Autumn Statement 2013: The reactions

Now that the dust has settled on the shrieking in Parliament, we round up the thoughts of business

by Rachel Savage
Last Updated: 05 Dec 2013

The British Retail Consortium (BRC) is pleased the government listed to their lobbying

'The Chancellor has recognised that businesses are suffering and is right to listen to retailers' concerns on business rates,' Helen Dickinson, BRC Director General, said.

'With the additional measures also announced today on National Insurance, retailers will be encouraged to do even more to support the aspirations of young people across the country.'

The CBI is pretty happy, but thinks more could've been done on energy.

'We have always advocated the dual approach of tackling the deficit and driving growth – the OBR forecasts confirm it is working. Let’s stick with what works,' CBI Director-General John Cridland said.

'But it was a missed opportunity not to support our hard-pressed energy intensive businesses which are also struggling with rising costs, and the package on housing supply could have been more ambitious.'

The Institute of Directors (IOD) loves the sound of surpluses

'This was a pro-business, confidence-building Autumn Statement,' IOD chief economist Graeme Leach said. 'The IoD would welcome a return to surplus much sooner, but we recognise the political realities.'

'The reality is that the Treasury didn’t have much money to play with today, and we can expect more fireworks in the Budget next year.'

Deloitte wants more of the same

'A strong recovery is, at last, eating into government borrowing. Yet the deficit continues to cast a long shadow,' Ian Stewart, chief economist at Deloitte, said. 'The key to eliminating the deficit is maintaining the pace of the recovery.'

PwC doesn't like complicated pensions

'The plans to review state pension age every five years layers on yet more complexity for workers wanting to plan for their retirement. It is vital that constant changes do not further erode trust in pensions,' Ed Wilson, a director in PwC’s pension team, said.

But it might not all be bad. 'Our analysis suggests an additional four million experienced workers could remain in the workforce once these changes have come through.'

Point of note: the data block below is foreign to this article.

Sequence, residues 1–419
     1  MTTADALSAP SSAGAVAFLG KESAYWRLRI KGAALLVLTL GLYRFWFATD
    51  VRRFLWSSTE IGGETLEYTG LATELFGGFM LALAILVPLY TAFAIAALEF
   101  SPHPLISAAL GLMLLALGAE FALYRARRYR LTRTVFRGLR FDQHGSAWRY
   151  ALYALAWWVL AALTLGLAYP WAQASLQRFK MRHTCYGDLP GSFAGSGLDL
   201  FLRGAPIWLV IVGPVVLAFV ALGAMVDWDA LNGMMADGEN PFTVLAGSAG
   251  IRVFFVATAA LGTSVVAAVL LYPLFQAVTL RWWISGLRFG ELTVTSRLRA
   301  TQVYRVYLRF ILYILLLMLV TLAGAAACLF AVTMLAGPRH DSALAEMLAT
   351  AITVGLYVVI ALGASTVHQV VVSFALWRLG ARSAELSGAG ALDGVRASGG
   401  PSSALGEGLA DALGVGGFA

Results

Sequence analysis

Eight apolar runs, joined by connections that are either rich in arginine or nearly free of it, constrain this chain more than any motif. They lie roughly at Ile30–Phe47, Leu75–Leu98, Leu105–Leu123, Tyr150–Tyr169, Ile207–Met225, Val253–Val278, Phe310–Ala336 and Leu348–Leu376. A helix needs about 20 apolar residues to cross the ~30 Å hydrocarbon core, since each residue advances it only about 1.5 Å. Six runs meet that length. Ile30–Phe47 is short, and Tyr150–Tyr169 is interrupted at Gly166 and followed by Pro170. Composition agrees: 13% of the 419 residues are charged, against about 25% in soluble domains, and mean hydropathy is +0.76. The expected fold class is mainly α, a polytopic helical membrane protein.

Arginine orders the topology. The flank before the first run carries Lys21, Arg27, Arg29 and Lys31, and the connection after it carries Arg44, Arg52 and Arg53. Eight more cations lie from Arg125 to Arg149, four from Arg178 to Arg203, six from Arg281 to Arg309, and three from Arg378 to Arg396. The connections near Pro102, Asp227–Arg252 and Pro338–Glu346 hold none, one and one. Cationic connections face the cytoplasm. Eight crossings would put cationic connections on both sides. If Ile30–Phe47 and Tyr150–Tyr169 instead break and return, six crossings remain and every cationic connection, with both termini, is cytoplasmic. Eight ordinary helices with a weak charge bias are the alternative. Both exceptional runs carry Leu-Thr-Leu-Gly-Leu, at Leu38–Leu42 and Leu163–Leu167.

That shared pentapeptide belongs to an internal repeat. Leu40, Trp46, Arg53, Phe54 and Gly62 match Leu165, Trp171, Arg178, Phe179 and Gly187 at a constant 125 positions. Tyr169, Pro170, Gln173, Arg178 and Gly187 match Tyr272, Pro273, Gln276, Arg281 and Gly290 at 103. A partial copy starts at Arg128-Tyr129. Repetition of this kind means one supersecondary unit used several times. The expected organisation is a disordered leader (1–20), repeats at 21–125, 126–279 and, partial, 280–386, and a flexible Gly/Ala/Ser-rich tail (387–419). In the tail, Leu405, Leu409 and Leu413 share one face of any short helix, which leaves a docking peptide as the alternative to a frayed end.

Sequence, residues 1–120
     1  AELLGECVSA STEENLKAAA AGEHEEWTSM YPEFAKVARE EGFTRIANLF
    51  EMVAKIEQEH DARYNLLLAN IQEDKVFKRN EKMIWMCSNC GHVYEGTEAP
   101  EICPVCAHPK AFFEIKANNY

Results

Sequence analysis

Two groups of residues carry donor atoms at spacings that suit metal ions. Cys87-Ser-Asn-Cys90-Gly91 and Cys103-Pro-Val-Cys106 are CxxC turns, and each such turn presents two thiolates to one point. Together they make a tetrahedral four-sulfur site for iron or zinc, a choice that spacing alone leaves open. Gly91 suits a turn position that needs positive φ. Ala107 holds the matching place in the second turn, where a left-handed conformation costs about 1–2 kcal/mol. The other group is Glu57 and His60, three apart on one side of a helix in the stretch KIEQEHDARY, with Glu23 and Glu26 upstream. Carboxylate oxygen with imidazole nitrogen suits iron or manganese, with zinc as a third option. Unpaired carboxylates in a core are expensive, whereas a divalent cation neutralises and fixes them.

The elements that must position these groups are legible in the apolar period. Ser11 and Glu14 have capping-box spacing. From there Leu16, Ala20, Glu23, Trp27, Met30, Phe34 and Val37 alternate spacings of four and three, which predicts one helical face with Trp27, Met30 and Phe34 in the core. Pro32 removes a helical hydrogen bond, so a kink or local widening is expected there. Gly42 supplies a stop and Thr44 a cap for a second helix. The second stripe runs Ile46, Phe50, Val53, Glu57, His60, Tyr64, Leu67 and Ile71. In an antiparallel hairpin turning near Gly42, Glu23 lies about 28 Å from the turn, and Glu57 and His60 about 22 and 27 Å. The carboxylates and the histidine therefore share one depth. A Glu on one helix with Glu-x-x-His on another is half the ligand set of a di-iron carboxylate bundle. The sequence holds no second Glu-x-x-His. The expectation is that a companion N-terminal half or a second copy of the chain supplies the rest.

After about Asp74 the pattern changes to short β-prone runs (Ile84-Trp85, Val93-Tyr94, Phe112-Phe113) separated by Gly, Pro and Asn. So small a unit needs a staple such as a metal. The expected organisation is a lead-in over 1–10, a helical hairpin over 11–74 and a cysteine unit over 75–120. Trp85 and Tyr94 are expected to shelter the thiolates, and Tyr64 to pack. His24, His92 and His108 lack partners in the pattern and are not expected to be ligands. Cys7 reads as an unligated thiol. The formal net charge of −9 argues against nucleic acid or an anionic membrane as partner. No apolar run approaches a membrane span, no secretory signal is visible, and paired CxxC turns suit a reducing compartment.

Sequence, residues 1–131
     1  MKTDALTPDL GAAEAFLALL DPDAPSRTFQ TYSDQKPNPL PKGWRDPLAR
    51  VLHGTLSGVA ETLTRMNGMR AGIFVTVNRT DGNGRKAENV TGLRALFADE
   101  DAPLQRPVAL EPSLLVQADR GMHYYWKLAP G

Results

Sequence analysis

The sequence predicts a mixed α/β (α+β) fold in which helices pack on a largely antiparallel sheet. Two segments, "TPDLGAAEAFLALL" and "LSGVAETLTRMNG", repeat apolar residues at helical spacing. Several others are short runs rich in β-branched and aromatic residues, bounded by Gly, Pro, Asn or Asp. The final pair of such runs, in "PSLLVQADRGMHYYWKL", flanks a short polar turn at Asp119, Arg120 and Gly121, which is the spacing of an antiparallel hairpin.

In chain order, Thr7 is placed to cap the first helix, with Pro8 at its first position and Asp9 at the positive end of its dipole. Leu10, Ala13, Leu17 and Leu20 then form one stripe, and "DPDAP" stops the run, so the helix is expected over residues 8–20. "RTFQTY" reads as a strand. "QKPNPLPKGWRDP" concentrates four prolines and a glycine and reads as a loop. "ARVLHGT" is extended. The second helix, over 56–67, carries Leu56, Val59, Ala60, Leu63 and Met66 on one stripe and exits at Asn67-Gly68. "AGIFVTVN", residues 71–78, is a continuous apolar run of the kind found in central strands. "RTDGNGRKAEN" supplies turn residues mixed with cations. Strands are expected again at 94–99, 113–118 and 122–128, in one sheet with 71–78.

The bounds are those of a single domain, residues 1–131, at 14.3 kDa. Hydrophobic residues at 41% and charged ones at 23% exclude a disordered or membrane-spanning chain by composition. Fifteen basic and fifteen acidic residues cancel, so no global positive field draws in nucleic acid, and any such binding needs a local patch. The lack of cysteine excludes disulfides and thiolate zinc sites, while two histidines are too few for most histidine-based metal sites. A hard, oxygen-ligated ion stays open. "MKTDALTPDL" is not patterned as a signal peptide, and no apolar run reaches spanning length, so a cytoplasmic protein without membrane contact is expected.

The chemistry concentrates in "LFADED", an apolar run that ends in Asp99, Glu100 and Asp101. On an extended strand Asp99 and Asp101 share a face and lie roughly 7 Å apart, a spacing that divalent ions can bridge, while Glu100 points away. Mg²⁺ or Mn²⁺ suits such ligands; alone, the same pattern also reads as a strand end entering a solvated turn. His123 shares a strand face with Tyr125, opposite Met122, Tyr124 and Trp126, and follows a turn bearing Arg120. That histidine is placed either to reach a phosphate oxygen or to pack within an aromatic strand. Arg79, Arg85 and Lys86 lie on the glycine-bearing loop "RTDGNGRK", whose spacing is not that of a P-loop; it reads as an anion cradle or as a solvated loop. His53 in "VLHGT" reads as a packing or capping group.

Sainsbury's CFO wants more action on business rates

'Today’s announcement, which breaks the outmoded link between business rate rises and inflation, is a welcome first step towards much needed business rate reform,' Sainsbury's CFO John Rogers said.
'However, business rates continue to place a significant and unfair burden on bricks and mortar retailers in the UK.'

'An urgent rethink of business rates policy is required in order to level the playing field between traditional retailers and online players if we are to avoid an irreversible decline in our towns and high streets.'

So does online payments company Sage

'The 2% cap on rate increases is a welcome first step but it does not go far enough – and any review should happen well before the 2017 date mentioned,' Brendan Flattery, CEO of Sage UK and Ireland, said.

And PeoplePerHour like start-up loans, but want red tape slashed

'The problem for small businesses has not been that lenders don't have cash to lend, it's that there are far too many hoops to jump through and red tape to cut to even get to the front of the line,' Xenios Thrasyvoulou, the online freelancer marketplace's founder, said.

'Unless these funds are really open for businesses, this is just another hollow promise.'

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